Law Office of Ruth Nelson - Seattle Bankruptcy Attorney
Law Office of Ruth Nelson
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What Can Bankruptcy Do For Me?

Company accused of damaging occupied homes in foreclosure

On Behalf of | Sep 12, 2013 | Chapter 7

Homeowners may declare bankruptcy for any number of reasons. In some cases, homeowners may have experienced a temporary setback such as a job loss. Others may have unexpected medical bills. Still others may have simply gotten in over their heads with debt.

Whatever the reason for the bankruptcy, many homeowners are concerned about the same thing: foreclosure. It is very common for those considering bankruptcy to be in foreclosure; in such a situation, it is only natural to be concerned about keeping one’s home.

Washington homeowners who are in foreclosure seem to have a new concern, however. There have recently been reports from across the nation that a company called Safeguard may be mistreating homeowners in foreclosure.

Safeguard is a company contracted by the bank to enter unoccupied homes in foreclosure and perform the maintenance required to close and protect the home. Reports say, however, that the company has been entering occupied homes and trying to force the occupants to leave. Occupants will sometimes be told that they have to move out, even when they have no legal obligation to go. In other cases, Safeguard subcontractors will do thousands of dollars of damage to occupied houses as they enter and exit.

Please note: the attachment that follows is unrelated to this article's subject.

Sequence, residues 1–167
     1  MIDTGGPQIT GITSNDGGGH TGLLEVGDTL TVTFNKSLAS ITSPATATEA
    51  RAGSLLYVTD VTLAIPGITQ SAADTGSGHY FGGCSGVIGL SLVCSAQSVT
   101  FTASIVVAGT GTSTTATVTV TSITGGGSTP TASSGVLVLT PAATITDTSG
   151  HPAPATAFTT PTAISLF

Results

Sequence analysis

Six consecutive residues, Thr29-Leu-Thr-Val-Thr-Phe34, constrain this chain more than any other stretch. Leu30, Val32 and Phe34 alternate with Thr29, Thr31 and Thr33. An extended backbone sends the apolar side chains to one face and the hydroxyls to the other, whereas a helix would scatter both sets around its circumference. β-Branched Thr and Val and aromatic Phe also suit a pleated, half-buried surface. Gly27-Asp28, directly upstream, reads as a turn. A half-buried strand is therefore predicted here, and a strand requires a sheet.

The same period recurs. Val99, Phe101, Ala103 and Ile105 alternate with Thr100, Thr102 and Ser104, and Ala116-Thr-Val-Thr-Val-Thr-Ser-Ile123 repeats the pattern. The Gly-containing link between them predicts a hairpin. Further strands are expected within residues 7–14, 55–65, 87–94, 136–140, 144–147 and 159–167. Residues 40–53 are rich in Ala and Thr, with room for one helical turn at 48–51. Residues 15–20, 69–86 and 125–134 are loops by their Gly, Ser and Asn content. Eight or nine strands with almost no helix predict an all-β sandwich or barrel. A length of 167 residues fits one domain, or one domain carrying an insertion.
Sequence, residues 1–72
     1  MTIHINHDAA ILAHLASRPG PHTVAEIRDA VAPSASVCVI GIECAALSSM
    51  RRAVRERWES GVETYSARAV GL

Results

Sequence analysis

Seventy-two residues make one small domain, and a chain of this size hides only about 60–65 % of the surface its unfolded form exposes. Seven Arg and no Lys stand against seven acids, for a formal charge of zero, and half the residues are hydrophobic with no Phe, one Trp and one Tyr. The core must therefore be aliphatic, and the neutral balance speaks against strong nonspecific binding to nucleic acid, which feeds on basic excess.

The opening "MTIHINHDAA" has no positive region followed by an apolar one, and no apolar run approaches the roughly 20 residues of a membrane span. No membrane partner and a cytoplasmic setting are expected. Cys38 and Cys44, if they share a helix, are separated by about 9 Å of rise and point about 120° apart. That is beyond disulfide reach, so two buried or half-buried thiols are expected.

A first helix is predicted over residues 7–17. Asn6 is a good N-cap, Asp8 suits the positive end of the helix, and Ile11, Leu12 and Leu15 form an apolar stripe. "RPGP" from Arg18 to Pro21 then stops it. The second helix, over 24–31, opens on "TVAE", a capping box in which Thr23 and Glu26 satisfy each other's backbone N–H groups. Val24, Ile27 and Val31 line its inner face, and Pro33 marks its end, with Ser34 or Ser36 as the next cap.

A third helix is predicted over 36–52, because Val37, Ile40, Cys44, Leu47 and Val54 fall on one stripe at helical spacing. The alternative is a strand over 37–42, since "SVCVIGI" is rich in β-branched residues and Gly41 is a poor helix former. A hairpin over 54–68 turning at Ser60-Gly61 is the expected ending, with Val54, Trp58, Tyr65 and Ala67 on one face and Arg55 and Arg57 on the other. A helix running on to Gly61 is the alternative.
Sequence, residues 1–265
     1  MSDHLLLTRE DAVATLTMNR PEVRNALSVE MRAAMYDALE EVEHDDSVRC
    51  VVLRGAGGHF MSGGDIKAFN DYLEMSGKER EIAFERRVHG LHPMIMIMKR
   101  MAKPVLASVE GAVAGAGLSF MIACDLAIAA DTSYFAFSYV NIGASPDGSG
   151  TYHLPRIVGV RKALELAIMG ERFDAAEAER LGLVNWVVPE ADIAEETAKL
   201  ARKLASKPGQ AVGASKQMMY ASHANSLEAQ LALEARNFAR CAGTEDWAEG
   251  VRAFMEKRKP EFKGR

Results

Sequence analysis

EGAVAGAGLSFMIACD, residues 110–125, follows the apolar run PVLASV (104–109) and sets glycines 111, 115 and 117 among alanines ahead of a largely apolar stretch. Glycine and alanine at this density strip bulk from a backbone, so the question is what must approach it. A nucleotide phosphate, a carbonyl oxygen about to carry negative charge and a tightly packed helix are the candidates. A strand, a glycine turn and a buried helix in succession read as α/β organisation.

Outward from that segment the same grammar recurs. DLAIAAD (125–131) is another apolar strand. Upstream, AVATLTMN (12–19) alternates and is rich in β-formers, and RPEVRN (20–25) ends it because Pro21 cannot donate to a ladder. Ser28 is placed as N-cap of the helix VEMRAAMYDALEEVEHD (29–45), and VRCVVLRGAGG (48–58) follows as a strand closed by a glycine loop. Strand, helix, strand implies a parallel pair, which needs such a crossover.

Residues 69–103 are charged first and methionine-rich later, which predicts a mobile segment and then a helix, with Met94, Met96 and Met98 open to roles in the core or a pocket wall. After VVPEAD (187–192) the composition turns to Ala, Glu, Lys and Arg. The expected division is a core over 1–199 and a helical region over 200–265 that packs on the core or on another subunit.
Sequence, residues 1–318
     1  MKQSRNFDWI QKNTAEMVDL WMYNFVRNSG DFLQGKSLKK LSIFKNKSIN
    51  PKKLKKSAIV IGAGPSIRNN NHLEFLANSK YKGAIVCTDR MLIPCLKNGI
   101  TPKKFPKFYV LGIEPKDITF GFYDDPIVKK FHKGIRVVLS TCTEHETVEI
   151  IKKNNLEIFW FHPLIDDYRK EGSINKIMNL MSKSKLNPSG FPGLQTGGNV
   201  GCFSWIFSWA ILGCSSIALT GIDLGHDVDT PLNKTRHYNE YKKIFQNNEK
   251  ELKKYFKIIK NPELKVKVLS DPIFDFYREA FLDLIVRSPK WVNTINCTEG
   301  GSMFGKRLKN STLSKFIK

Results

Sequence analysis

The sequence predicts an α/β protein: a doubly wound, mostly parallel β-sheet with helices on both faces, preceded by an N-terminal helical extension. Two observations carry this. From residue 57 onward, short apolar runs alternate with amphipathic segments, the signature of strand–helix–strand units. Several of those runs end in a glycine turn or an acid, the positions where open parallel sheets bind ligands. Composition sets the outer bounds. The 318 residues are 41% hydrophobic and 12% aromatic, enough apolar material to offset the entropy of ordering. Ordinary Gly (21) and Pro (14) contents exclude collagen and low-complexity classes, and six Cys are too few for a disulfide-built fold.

Safeguard subcontractors are paid by the house, leading to accusations that they are incentivized to work on occupied homes. Employees have been accused of ignoring obvious signs of occupancy such as a barking dog, a car in the driveway or a neighbor’s advice.

Hundreds of cases of abuse have already been documented across the country. Safeguard has stated that they respond promptly and appropriately to any misconduct by its employees.

Though bankruptcy is effective at putting a stop to the foreclosure process, ultimately whether to keep one’s home or not depends on one’s financial situation. Some homeowners may be able to retain their residence, while for others it will be best to allow it to return to the bank. Homeowners in such a situation may wish to seek professional advice before making any decisions.

Source: DealBook, “Invasive Tactic in Foreclosures Draws Scrutiny” Jessica Silver-Greenberg, Sep. 09, 2013

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